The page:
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VINE VOICEon 6 October 2013
On a Steel Breeze is a large scale, hard SF adventure story with two main weaknesses, the beginning and the end. It is a sequel to Blue Remembered Earth, taking place in the following centuries and concerning itself with the next generation of the Akinya family.

Chiku, daughter of Sunday and niece of Geoffrey has cloned herself twice and the three genetic sisters have shared memories. One sets out to chase the family matriarch Eunice who disappeared into deep space at the end of the previous book. One joins a convoy of giant starships, hollowed out of asteroids, making their way to a nearby star, where an alien artefact has been observed. The third stays on Earth, a baseline charged with staying safe.

However, the starships on their way to the planet Crucible are threatened by shadows at night, or more literally by a ghost in the machine which threatens not just the success of the mission, but the future of the entire human race.

On a Steel Breeze is a work which takes its place on an increasingly crowded playing field on which it is difficult to see new ideas being created. This is the arena of the next few centuries where humankind has broadly conquered the solar system, and is now looking towards the next step. It is an SF where Einstein and relativity are given due respect and voyages to the stars require decades. It is a style of future already populated by Kim Stanley Robinson, Stephen Baxter and David Brin.

Within this style of universe, the main theme explored in this book is the interaction between organic and machine intelligence, and whether they can co-exist. Reynolds keeps his powder on the answer to that dry, leaving at least three different scenarios, on Earth, on Mars and on Crucible to be explored in the final part of the trilogy.

Once the story is underway it is an entertaining read. The pace ebbs and flows nicely, with Reynolds at times kicking back and letting events unfold gradually, while at others racheting up the tension in set piece action sequences. It is also fun to see the elephants of Blue Remembered Earth making a reappearance.

And so to the problems. I'm sorry but I just didn't buy the set up of a mission being launched to the stars, including millions of people, reliant on discovering a new physics while underway to be able to slow down at its destination. At the end, the resolution of one of the issues is just far too clean and easy, almost as if Chiku is given a magic spell to put things right.

While one part of the ending is unsatisfying, overall the story is nicely set up for the final volume.

So in summary, I enjoyed this book, but it is a little lacking in the wow factor, it all feels a bit familiar.
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on 25 October 2013
It's a shame really as the core concepts are rock solid. However, Reynolds continues to run on three cylinders. Despite being a fan and despite being committed to reading all his output, I can't really recommend this. Half-baked...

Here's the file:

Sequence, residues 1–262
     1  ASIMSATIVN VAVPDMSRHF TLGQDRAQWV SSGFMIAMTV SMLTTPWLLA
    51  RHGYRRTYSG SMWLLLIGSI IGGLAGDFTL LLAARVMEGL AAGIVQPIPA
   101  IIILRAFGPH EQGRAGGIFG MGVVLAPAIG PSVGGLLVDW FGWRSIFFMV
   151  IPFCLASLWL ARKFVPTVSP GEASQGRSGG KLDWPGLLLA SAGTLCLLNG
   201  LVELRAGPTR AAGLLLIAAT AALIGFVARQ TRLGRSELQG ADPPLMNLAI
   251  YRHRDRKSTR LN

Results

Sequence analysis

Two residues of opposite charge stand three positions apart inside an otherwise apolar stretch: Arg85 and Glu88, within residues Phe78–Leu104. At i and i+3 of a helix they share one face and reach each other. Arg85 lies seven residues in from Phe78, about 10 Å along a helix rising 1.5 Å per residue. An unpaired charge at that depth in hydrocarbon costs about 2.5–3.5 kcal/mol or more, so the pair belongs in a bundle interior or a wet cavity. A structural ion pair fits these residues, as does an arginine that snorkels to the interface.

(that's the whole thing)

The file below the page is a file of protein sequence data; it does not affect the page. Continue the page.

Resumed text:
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on 26 April 2015
The only trouble with having a fairly small clique of favourite authors is that when you’ve read and massively enjoyed their entire back-catalogue, it is a really long wait between new novels. This has definitely been the case with this next instalment of the Poseidon’s Children trilogy. I finished the first volume, Blue Remembered Earth, back in Feb.2013 and I’ve read a lot, drunk a lot, got older and generally had ample opportunity to forget what was going on.
Thankfully, though, I got back into the now slightly faded world of the Akinya dynasty pretty quickly thanks to carefully sown memory joggers. While, like the first novel, it was a little slow to get going, the pace was perfectly judged, with the right amount of time spent on character development and world building. Despite its seeming stately pace, there is a lot going on. The main character is the granddaughter of the dynasty’s founding matriarch who has effectively created a triplicate identity, two experiencing the epic voyage of the vast holo-ships to the far planet of Crucible and the mysterious Mandala object from different viewpoints while the third was lost searching for their grandmother’s assumed remains on the far reaches of the galaxy. The triple identity is a clever device first explored in Reynold’s astonishingly original ‘House of Suns’ (well worth a read if you haven’t) and it works very well in this setting.
While the main plot drive is the voyage to Crucible, there are major sub-plots vying for attention, perhaps most importantly the machinations of the artificial intelligence ‘Arachne’, the misleading data from Ocular and links with the slightly sinister ‘Mechanism’. The whole cleverly plotted, multi-threaded narrative can really be boiled down to the old question of ‘how will humanity continue to progress once they can be surpassed my machine intelligence?’ Not a new question, by any means, but Reynold’s is not a dystopian future neither is it a Banks’esque Culture; it is somewhere in-between, presenting the reader with a carefully considered world populated by an array of characters with plausible motivations. Very clever and, while on the subject, the title is a nice reference to Pink Floyd’s amazing ‘Shine on you Crazy Diamond’. Trés cool.
Despite its slightly slow start and somewhat deus ex machina ending, I thoroughly enjoyed this second volume. I am, however, a huge Reynold’s fan and have great regard for both his firm grasp of the craft of writing and his intrinsic understanding of the art of storytelling. Perhaps a victim of the dread mid-trilogy blues, I have to admit that I wasn’t quite as gripped as I was with Blue Remembered Earth (and the huge gap between paperback publication dates didn’t help) but I still thoroughly enjoyed this splendid offering from one of the few masters of penmanship in contemporary science-fiction.